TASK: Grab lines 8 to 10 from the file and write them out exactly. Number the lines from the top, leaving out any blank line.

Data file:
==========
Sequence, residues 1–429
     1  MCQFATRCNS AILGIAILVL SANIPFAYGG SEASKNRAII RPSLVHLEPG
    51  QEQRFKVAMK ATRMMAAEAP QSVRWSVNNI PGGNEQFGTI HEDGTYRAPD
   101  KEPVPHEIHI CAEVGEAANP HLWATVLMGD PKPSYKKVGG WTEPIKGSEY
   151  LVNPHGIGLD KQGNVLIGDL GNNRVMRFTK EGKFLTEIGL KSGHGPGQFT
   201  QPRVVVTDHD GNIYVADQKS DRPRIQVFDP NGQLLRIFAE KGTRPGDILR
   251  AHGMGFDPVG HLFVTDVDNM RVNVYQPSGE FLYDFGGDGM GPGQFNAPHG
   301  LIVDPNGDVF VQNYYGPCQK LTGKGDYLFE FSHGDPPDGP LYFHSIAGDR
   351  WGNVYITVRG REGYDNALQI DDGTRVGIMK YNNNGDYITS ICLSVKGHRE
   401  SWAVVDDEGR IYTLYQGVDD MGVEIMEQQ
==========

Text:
   301  LIVDPNGDVF VQNYYGPCQK LTGKGDYLFE FSHGDPPDGP LYFHSIAGDR
   351  WGNVYITVRG REGYDNALQI DDGTRVGIMK YNNNGDYITS ICLSVKGHRE
   401  SWAVVDDEGR IYTLYQGVDD MGVEIMEQQ